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532 Annette St
Toronto, ON, M6S 2C2
Canada

4169349771

CREATIVE MATTERS INC.

INSPIRED FLOOR AND WALLCOVERINGS

Our mission is to design and create exceptional, original, high quality and ethically produced floor and wallcoverings

Narrative Threads

The dyeing process for our first natural dye rug

Creative Matters

Following Carol Seberts’s discovery of some incredible natural dyeing expertise in Nepal in March, we are excited to announce our first natural dye collection. We’ll be bringing the first rug to show off at NYICS in September and rolling out the full collection quickly thereafter. And here is a sneak peak at the design of the first rug.

Percolate in mulberry

Designed by Ange Yake ©Creative Matters

The rug itself it is still in the weaving process, but here are some incredible photos of the wool at the dyeing mill. 

The dyeing stage alone, can take as long as two weeks.

The dyeing process starts with the preparation of the colour. The dye master tests and mixes the natural dyes making up a batch for each colour required in a rug. Tibetan dye masters have acquired a deep knowledge of the natural dyeing materials over many generations but due to the popularity of chemicals dyes, this traditional art came close to being wiped out.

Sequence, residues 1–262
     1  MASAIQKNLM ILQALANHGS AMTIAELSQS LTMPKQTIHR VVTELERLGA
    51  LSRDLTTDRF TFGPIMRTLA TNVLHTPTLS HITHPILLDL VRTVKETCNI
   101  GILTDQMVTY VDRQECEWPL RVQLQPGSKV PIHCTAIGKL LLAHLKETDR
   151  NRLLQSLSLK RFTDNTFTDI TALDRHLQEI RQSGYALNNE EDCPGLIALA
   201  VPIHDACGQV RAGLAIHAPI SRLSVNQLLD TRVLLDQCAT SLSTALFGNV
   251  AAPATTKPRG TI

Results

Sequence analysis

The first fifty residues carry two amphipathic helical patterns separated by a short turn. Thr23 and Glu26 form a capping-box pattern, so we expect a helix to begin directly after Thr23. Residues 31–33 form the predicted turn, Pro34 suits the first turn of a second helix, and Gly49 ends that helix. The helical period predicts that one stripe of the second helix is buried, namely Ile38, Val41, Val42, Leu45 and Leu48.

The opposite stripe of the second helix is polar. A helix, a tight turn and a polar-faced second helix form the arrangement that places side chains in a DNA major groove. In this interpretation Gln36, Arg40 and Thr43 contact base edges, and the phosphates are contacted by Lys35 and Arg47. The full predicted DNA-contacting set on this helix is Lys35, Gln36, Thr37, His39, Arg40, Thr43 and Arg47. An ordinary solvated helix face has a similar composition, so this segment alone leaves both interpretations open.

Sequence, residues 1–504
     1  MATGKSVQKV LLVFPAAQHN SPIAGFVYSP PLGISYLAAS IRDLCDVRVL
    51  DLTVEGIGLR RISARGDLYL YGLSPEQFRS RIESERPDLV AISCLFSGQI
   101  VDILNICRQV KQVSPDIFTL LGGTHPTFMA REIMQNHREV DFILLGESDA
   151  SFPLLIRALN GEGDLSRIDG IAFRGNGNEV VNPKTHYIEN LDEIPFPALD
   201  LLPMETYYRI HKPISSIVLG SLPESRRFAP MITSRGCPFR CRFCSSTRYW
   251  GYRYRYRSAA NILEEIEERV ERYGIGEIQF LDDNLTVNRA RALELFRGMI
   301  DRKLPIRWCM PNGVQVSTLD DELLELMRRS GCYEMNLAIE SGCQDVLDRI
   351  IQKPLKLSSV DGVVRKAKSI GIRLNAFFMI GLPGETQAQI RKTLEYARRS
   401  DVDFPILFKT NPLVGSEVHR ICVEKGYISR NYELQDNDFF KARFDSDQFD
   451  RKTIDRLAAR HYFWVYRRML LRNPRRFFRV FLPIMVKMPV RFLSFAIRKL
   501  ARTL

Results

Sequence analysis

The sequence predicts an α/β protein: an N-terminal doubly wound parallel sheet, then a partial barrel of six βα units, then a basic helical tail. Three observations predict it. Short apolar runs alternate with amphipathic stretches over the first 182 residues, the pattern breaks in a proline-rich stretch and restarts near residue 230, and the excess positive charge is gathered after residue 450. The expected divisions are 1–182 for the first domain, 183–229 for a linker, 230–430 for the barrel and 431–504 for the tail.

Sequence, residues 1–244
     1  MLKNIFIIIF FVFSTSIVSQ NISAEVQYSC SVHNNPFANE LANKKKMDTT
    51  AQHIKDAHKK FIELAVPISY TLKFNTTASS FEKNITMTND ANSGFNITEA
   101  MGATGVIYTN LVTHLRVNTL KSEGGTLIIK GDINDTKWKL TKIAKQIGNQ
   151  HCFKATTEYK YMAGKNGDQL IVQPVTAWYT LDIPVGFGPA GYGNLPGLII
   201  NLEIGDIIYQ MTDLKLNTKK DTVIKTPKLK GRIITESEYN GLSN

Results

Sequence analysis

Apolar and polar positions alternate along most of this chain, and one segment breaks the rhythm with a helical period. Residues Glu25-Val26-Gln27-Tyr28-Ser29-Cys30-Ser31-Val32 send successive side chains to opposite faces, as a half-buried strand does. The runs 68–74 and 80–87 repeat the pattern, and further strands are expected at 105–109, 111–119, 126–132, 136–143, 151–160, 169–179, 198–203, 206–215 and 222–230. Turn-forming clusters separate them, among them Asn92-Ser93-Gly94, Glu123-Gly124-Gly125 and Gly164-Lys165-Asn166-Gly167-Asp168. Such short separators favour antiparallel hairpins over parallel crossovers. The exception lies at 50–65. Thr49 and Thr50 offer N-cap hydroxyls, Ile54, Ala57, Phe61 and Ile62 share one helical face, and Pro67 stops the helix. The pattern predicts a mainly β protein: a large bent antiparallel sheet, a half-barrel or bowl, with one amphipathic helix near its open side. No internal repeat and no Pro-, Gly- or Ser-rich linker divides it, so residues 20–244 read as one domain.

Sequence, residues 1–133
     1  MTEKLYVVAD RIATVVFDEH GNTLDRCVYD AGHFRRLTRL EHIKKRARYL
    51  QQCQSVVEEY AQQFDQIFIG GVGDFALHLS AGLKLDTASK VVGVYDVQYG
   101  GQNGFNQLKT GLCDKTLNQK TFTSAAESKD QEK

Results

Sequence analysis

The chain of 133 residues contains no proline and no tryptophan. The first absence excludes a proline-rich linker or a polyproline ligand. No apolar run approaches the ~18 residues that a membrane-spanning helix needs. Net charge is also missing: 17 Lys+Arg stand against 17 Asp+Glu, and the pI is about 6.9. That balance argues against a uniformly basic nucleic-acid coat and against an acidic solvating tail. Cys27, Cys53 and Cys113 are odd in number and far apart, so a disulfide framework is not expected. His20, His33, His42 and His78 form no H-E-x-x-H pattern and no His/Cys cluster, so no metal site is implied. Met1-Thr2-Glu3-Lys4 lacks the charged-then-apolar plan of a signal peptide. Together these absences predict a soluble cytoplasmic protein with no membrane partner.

When the dye master has achieved the correct colour, the yarn is placed in the hot dye where it is cooked for shorter or longer periods of time and at higher or lower temperatures, depending on the dye and the shade desired.

Once the dye master is satisfied with the tones the wool has taken on, s/he pulls the steamy bundle from the pot. Over 170 plants have been short-listed for dying use in Nepal, including: indigo, mulberry, saffron, turmeric, rhubarb roots and walnut. Madder root is often used for red hues.

Smaller quantities of wool are dyed in the pot and handled manually. Heavier quantities are loaded onto a spindle which is turned by hand to dip the wool into the dye time and time again.

When natural dyes are handled correctly, even in skeins of yarn not yet woven, the colours are simply beautiful.

Here the dye master in Nepal is showing us in Toronto how the dried wool now matches the colour specified in our design.A dye master - like a good winemaker - must be a chemist and a microbiologist with a working knowledge of botany, geology, meteorology and plant physiology. We’re delighted to have finally found a dye master who can meet the exacting standards of Creative Matters.